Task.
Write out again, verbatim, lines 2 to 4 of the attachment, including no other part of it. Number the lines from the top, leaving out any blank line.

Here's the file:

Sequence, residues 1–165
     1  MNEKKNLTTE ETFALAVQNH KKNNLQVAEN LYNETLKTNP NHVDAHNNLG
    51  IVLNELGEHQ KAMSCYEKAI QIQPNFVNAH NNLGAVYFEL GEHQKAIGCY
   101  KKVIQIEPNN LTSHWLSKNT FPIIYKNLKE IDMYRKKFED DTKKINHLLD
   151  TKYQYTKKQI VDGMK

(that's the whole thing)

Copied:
     1  MNEKKNLTTE ETFALAVQNH KKNNLQVAEN LYNETLKTNP NHVDAHNNLG
    51  IVLNELGEHQ KAMSCYEKAI QIQPNFVNAH NNLGAVYFEL GEHQKAIGCY
   101  KKVIQIEPNN LTSHWLSKNT FPIIYKNLKE IDMYRKKFED DTKKINHLLD